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Has anybody tried using GIT version control for session control of audio recordings?

I have used GIT in programming and it works very well, and is easy to use too. It works great for collaboration, which I find interesting as I may send a song to someone to do some work on and it would be a handy way of merging sessions and being able to jump back easily to a previous session. Also it would be awesome to be able to work with teams of people in remote locations ... but I have read somewhere that it doesn't work well with audio and this has put me off the experiment myself so I thought I'd better ask for other peoples experiences first.

I suppose in audio recording and mixing scenarios the arrangement is such a small file that it's just as easy to keep multiple versions of that file ie song_recording_1, song_recording_2, song_mix_1, song_mix_2 etc but I thought it would be interesting to see if there's been any experimentation with GIT or any other version control and what conclusions are being reached.

To be honest, ( and I know my system is a bit old so I am open to correction ) I find it strange that I haven't seen any type of version control already built into any DAW that I'm aware of ... it seems like it should be a fairly easy thing to add considering it would only be a matter of keeping track of sessions, which it more or less does already ... does anyone know why it hasn't been implemented yet ... I suppose most people operate some form of manual session control.

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I've thaught about this. The problem is that since song files arn't text files you wouldn't be able to do git merge or anything like that. As a result I'm not sure what would make this any better than just doing save as regularly. –  JPollock Oct 23 '12 at 19:59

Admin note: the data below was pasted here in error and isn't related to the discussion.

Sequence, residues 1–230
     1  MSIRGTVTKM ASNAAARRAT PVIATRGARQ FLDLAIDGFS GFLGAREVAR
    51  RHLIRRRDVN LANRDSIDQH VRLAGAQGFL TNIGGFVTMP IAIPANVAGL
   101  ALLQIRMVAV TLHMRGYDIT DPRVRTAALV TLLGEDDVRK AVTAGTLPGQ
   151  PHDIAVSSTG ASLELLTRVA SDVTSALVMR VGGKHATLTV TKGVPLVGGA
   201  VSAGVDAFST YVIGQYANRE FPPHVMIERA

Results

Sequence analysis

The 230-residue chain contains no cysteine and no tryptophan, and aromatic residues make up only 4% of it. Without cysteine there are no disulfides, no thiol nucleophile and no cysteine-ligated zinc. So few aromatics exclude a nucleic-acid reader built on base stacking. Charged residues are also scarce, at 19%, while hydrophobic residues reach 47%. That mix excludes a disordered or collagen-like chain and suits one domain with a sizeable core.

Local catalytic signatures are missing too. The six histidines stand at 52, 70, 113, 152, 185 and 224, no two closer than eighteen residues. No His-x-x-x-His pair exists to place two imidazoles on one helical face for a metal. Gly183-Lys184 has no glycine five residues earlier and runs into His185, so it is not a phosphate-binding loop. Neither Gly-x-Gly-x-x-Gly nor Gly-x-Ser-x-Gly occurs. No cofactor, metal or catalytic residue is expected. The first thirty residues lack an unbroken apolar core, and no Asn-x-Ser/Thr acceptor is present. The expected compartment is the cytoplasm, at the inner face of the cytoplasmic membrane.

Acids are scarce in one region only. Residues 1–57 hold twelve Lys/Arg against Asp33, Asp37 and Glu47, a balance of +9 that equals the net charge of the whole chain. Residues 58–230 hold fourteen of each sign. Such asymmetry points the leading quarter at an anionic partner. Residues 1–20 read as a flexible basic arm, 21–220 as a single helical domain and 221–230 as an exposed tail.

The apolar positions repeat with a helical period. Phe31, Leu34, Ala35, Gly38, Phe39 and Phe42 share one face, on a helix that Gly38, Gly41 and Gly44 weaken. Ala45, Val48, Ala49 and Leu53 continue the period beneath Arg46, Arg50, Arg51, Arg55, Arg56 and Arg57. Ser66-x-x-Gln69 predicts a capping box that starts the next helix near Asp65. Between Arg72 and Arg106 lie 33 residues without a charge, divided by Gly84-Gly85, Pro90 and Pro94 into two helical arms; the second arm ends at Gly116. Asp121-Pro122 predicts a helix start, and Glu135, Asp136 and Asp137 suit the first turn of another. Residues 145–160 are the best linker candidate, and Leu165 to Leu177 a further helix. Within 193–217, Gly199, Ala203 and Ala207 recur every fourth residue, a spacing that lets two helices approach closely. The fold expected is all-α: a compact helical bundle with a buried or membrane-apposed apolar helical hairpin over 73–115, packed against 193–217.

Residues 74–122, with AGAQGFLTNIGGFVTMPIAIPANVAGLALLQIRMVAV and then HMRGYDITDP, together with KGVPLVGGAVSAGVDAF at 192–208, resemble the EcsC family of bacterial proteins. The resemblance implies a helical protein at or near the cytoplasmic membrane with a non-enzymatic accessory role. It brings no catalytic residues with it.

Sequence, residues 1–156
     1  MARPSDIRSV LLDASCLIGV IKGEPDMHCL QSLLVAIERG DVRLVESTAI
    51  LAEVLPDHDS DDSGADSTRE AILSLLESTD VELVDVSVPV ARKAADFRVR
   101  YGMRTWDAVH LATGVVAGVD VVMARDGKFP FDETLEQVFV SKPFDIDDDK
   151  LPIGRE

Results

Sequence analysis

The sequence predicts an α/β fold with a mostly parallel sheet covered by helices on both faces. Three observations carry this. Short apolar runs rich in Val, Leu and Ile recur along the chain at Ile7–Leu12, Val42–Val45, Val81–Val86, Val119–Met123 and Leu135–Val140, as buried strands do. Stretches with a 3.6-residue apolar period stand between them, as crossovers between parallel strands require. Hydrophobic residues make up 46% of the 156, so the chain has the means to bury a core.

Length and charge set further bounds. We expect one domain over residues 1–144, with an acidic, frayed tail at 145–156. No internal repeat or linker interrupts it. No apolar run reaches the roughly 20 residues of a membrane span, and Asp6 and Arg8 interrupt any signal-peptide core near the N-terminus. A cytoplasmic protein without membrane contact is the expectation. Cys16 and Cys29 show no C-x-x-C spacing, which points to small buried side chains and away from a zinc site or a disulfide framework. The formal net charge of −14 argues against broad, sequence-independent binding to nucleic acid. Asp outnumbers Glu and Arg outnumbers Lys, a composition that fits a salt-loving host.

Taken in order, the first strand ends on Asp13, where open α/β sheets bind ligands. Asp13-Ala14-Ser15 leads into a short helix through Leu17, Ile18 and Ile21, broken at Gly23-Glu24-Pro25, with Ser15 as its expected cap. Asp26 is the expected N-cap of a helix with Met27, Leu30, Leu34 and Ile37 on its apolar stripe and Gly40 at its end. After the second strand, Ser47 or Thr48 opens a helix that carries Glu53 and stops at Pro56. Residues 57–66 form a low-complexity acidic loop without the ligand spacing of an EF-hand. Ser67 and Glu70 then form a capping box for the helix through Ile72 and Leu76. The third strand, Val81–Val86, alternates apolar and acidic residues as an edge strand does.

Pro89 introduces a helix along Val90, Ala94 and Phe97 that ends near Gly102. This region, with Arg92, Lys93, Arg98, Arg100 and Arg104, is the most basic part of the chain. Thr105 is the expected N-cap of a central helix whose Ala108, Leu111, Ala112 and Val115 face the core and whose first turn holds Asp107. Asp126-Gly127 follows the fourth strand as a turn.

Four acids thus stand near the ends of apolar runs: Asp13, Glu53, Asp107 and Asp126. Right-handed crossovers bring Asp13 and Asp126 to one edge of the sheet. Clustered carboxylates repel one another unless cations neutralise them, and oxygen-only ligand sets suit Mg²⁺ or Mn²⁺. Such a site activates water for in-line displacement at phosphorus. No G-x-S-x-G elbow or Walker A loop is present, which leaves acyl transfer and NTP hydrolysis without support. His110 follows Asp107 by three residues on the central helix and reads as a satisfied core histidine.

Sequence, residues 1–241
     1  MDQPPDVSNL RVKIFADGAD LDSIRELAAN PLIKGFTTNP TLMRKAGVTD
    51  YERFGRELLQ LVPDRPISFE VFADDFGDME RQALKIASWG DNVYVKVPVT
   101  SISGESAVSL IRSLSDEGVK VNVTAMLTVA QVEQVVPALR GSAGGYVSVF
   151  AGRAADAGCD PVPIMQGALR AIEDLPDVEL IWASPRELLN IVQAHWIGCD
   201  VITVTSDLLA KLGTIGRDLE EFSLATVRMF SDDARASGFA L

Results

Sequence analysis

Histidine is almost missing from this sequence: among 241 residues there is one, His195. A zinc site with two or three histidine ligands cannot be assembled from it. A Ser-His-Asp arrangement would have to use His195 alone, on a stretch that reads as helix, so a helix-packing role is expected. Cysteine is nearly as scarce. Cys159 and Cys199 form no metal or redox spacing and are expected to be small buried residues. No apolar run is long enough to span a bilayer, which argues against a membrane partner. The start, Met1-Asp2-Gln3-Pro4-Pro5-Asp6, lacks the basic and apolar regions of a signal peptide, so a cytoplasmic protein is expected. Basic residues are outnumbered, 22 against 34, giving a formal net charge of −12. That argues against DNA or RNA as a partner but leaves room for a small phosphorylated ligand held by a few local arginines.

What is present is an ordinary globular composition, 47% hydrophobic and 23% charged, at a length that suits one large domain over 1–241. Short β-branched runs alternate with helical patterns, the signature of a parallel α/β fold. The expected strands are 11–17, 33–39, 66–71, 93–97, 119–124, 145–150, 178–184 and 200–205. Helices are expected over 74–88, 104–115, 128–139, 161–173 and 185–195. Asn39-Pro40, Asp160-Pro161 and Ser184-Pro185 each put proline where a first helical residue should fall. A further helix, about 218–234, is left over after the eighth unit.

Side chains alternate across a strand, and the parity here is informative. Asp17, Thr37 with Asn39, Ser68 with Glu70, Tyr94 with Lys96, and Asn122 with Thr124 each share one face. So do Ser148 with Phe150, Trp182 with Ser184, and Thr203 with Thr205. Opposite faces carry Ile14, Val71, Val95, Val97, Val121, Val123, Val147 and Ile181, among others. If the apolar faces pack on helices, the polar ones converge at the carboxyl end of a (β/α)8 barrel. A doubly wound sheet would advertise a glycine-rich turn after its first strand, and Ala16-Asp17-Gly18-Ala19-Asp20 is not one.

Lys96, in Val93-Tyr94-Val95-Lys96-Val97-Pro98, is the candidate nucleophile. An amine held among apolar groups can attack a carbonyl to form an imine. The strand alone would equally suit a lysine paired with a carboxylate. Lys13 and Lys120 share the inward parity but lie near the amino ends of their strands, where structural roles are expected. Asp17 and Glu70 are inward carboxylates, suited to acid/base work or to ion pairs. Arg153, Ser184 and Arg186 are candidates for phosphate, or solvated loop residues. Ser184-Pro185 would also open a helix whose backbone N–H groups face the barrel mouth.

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It isn't that it is bad for audio, but rather version control systems are supposedly bad for binary files. I don't know why for sure, but JPollack may be correct. On the other hand text files are just a special case binary file. You would probably get some insight about the general case by asking this at Stackoverflow –  horatio Oct 24 '12 at 13:55
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I guess the issue is how do you determine what the difference is between two audio files? Determining that they are different is no problem but finding out what the difference is or what changed is an issue. This kind of reduces the usefulness of SC as all it becomes is essentially a repository where people can exchange files. –  Magrangs Oct 24 '12 at 15:56
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I suggest looking at git-annex.branchable.com too. –  derobert Oct 24 '12 at 19:51
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@Magrangs: that's not the issue, because DAWs normally don't modify any audio files in place, so you could really handle those as immutable data, managed efficiently by git-annex, which should also be quite a help in distributing the files. –  leftaroundabout Oct 25 '12 at 8:35

1 Answer 1

up vote 10 down vote accepted

Yes, I have been using Mercurial (hg) with Logic Pro for a while now and with great results. Also coming from a software development background I find the main benefit to be the comments for each changeset and the ability to go back and branch from an earlier version to try out alternate production or composition techniques.

As mentioned you will likely pay for the benefits with the cost of increased disk space for binary files if they can't be clearly diffed. But in my experience this has not been bad since it is actually the project files that change. Also, Mercurial does have binary diff support though I have not tried it with audio files since ideally you want your recorded tracks to stay untouched by destructive edits for reuse.

Finally, the peace of mind that comes from being able to revert right back to a specific revision is priceless to me.


One practical note; be sure to ignore any transient or generated files that will waste space or save machine specific metadata.

Here is my excudes file used with Mercurial and Logic Pro (via OS X, naturally):

.hgignore

syntax: glob

.DS_Store

displayState
documentData.orig
windowImage.jpg

Project File Backups
Undo Data

Hope that helps.

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